Samsung Galaxy Note 7 woes seal its fate

By: Ted Kritsonis

October 11, 2016


In what can only be described as one of the worst 30-day stretches a consumer electronics company has endured, Samsung’s troubles with its flagship Galaxy Note 7 smartphone have hit another low with calls to stop using the device entirely, even if it is a replacement.

It’s a bad scene, to say the least, and primarily because of new reports of replacement units catching fire and going up in smoke. The initial global recall of 2.5 million units issued in September, including efforts to repatriate 22,000 sold in Canada up to that point, has now been changed to an outright appeal from the company to stop using the device, period.

A report from U.S. tech site, The Verge, cited a Note 7 that had caught fire on a Southwest Airlines flight forcing an evacuation. Other incidents have been reported since, including a viral video at a battery laboratory test facility in Singapore that triggered a fire after pressure was applied to a unit.

The immediate culprit for the device’s unstable build appears to be the lithium battery the phone uses, according to various reports. For its part, Samsung stated this to be the sole cause for the units damaged in the original rollout, though has not confirmed whether it is also to blame for the current wave of defective units. Initially, it wanted to verify whether these latest incidents were, in fact, with replacement units, but as other reports have come in since, it appears the previous issue wasn’t resolved.

After 48 hours of uncertainty, the company has swiftly chosen to cease Note 7 production and urge consumers to stop using them and power them down. All Canadian wireless carriers have asked their customers to do the same, allowing for full refunds or exchanges with other devices. In other words, if you have a Note 7 still, call 1-800-SAMSUNG to get more information on what your options are. Each of the carriers is looking to post information, such as FAQs, to respond to general questions customers may have as well.

This, in effect, kills the Note 7 as a product, and at this point, the damage done to Samsung’s brand is immeasurable, but not insurmountable. Cryptic and confusing correspondence from the company soon after the latest reported fires won’t help instill confidence. It’s what happens in the next few months that will matter more.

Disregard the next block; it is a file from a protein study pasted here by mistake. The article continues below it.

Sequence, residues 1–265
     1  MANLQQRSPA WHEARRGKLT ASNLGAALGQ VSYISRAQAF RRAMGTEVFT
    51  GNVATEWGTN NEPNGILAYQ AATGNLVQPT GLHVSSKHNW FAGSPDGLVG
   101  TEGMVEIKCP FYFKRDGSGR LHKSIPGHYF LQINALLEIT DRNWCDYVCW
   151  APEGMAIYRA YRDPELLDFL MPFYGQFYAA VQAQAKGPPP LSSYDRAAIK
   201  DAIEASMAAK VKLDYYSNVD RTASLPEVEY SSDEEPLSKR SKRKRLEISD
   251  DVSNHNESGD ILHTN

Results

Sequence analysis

Questions will now be raised over how much of an outlier the Note 7 truly is. Lithium batteries are commonplace in smartphones, yet fires aren’t regular occurrences. Still, are other phones at risk too? Probably not. Once the problem with the Note 7 is fully diagnosed and revealed, it will likely point to more than just a battery issue, thereby raising yet another question on whether Samsung rushed to market and crammed too much into the unit.

The likelihood of a reconstituted Note 7 between now and the spring, much less the holidays, seems entirely remote. Had the recall been successful, the defective units would be no more than an embarrassment. Now that the replacement units are potentially defective makes all this a terrible humiliation for a company that is supposed to be competing at the top echelons in the smartphone category.

Incidentally, the Note 7’s failure opens the door wider for the Galaxy S7 Edge (or the regular flat version), a device that Samsung now sells unlocked for $1,000 direct to consumers. Given that it uses similar internals and software, including the exact same camera, it’s not a bad trade-off.

Inevitably, competitors can also step in to take what they can get. This month alone, Motorola’s Moto Z, Google’s Pixel and Huawei’s Nova Plus have either launched or are available already. For Android users, the options are abundant. Not to mention the newest Apple iPhones launched last month as another option, if you can get your hands on one.

If this happened to another brand that didn’t have Samsung’s success, it wouldn’t have received this kind of attention and scrutiny, yet would still have decimated any competitor fighting for relevancy. Samsung’s large existing user base will probably not see a mass exodus away from the brand because of this fiasco, however it can ill-afford another debacle that it may not be able to recover from. That basically means the company is on a short leash for the foreseeable future, while a glimmer of potential creaks open for other brands to gain some traction.


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